What do you use them for?
How useful are they?
I've spoken with hundreds of managers about call reports and almost to a person they agree call reports are one of the most useless traditions management clings to. The reports are filled with fictitious information, and the information that is truthful is itself useless.
The typical call report will identify who the salesperson met with, if and when the company plans to make a purchase, an estimate of the size of the purchase, and any information the buyer wants from the salesperson. The report may even give an approximation of the likelihood of securing the contract. It probably looks something like this:
"Met with John Smith, head of procurement for XYZ Corp. He said they'd be purchasing by the end of the quarter and wants me to re-bid based on a quantity of 5,000 instead of 10,000 units. I told him I've had the new numbers to him by Tuesday of next week."
What does this report tell the manager? Does it:
• indicate why the change in the number of units to be purchased? No.
• discuss why the purchase decision will be made by the end of the quarter instead of now? No.
• indicate the likelihood of closing the sale? No.
• indicate what actions the salesperson plans on taking other than giving revised numbers? No.
• indicate who the salesperson is competing against? No.
• indicate if there are other decision makers in the process? No.
We could go on.
Call reports are useless for three major reasons:
1. Salespeople haven't been taught how to construct a useful call report.
2. Salespeople see no use in the reports. Although they're told the reports will be used to help them sell more, they believe its real purpose is to keep an eye on them.
3. They believe management is only interested in how many appointments they have, so they pad them with fictitious appointments to keep management off their back.
Salespeople see call reports as a weapon-or potential weapon-in the hands of management instead of a training and coaching tool. And most often, that's what it's used for.
The typical call report doesn't give the manager enough information to be able to help identify the areas in which a salesperson needs training and coaching. Consequently, the most often result of submitting a call report is a response of, "You aren't seeing enough people. You need to make more calls."
That response is worthless. It doesn't help the salesperson in the least. There is no guidance in how to 'see more people.' There's no identification of what the real root problems and issues are.
Call Reports as Real Tools
Call reports, however, can be real tools managers can use for coaching, training, market and competitor analysis, and managing department assets.
The problem with call reports isn't with the concept, it's with the execution. Salespeople must be taught how to construct a meaningful call report and managers must be trained how to analyze the report for coaching, training, and market analysis purposes.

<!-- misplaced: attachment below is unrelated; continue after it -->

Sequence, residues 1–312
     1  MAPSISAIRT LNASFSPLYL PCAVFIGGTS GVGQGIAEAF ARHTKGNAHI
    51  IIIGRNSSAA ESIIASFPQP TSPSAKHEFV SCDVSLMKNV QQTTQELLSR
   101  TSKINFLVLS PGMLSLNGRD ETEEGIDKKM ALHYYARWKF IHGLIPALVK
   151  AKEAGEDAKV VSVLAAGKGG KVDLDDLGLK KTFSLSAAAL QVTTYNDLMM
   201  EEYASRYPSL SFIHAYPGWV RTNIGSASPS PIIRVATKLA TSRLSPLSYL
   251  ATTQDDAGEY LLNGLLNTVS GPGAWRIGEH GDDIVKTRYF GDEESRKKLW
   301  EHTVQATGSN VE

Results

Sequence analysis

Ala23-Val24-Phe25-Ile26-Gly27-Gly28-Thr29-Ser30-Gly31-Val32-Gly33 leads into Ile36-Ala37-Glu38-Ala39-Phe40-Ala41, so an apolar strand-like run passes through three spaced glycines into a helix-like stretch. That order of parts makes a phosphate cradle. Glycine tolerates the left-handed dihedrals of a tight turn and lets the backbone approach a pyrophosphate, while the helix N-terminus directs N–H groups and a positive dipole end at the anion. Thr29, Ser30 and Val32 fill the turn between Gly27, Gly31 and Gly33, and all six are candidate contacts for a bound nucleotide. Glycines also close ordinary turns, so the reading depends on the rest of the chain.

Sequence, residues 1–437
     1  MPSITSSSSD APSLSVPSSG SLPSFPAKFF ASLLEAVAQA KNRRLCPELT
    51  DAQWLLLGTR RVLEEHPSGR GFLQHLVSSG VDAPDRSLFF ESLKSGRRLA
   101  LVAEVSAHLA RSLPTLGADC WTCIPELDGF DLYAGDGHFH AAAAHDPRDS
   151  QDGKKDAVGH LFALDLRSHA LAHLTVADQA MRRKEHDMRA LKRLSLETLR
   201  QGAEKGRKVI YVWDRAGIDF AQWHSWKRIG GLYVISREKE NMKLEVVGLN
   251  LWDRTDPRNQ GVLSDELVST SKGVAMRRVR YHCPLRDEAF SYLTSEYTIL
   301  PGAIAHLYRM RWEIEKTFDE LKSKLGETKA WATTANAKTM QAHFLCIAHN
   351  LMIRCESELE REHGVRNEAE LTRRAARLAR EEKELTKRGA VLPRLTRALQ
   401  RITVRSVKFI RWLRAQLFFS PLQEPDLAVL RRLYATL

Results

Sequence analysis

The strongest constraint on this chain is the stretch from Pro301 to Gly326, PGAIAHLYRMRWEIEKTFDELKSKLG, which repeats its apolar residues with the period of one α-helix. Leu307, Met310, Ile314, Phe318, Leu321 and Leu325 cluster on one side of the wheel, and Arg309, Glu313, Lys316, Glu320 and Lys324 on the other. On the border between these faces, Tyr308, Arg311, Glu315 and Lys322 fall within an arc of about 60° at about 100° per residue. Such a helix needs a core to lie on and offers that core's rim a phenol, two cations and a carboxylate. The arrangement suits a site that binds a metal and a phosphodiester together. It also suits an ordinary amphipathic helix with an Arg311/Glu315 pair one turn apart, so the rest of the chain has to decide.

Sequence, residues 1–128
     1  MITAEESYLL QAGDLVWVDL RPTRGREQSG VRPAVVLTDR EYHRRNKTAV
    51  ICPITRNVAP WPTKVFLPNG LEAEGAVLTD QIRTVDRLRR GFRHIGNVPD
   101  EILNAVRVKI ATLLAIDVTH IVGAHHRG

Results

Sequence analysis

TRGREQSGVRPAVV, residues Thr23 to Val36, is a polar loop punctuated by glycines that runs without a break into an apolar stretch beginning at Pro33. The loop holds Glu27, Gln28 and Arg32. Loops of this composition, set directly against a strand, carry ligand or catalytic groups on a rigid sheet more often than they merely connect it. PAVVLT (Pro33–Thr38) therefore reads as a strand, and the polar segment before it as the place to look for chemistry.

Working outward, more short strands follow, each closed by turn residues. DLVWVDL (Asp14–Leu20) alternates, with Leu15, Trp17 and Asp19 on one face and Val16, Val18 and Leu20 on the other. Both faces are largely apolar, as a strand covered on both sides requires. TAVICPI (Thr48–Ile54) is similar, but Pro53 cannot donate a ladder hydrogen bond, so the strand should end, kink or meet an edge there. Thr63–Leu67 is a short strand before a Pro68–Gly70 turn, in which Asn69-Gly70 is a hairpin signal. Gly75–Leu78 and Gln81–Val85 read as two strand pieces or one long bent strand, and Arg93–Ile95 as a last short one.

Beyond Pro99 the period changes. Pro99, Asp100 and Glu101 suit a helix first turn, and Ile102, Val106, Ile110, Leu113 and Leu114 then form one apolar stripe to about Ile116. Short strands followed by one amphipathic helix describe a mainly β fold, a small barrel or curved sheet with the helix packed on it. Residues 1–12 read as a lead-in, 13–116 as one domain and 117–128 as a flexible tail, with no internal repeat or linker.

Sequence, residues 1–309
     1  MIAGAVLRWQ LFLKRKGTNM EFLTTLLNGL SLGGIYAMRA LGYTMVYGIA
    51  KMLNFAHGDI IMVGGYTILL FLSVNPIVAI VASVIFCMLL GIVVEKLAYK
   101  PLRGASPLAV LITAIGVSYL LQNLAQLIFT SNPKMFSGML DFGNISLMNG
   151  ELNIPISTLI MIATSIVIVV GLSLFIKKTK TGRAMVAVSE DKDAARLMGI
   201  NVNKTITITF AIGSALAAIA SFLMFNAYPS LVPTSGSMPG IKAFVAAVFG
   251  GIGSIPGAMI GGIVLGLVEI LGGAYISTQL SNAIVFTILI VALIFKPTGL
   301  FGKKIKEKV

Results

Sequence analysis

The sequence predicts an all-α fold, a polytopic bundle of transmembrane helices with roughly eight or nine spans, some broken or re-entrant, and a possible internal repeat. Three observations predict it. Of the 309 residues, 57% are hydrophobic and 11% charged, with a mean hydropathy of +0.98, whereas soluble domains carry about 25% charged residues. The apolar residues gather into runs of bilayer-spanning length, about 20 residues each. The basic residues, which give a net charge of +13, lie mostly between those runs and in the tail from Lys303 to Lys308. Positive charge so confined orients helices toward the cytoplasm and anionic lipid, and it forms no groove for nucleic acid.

A Meaningful Call Report
Call reports don't have to be massive documents, but each call should be broken into three sections:
Synopsis of the call: a brief summary of the sales call. Who, what, when, bullet points of key information from the call, including the length of the call.
An analysis of the call: a longer discussion that analyzes the call and the sale, indicating:
• who the decision makers are and where the sale stands with each
• what issues must be dealt with before the sale can be closed
• who the competition is
• the salesperson's best estimate of the probability of closing the sale
• the salesperson should rate each potential prospect as to the long-term value of the account
Moving forward: What specific steps the salesperson intends to take-and when-to move the sale forward.
A call report that follows the format above can be used to help salespeople close more sales. It lays out for the salesperson and the manager what happened, where the sale stands, what is expected to happen, and what the salesperson is going to do to make it happen.
Using the Report
Call reports that summarize, analyze and outline how the salesperson will move the sale forward offer both the salesperson and their manager real information that can be used:
• To spot skill and behavioral issues where the manager can step in to coach and train
• Opportunities where the manager can offer specific help in identifying and addressing prospect needs
• Spot accounts where the salesperson is investing too much-or not enough-time and energy
• Spot buyer, competitor, and product trends within the local market
Some sales performance management technology products and CRM programs make the call report generation process easier and more accurate. They can help turn generating call reports into highly useful tools for helping your sales team members become better sellers, spotting and analyzing changes in your local market, and maximizing both the department's human and non-human resources.
Whether you are using hand written reports or using a system, you must turn the reports from wasted effort to keep management off the salesperson's back into a real tool that can improve sales and your salespeople.
Paul McCord is the president of McCord Training, a Texas based international sales training, coaching, and consulting company. He is the author of the Amazon and Barnes and Noble best-selling book on referral generation, Creating a Million Dollar a Year Sales Income: Sales Success through Client Referrals (John Wiley and Sons, 2008), and SuperStar Selling: 12 Keys to Becoming a Sales SuperStar. He may be reached at [email protected] or visit his training website at www.dynamicsalesgrowth.com
* This was the 2010 Top Sales Article, and you can of course check out all of the other winners HERE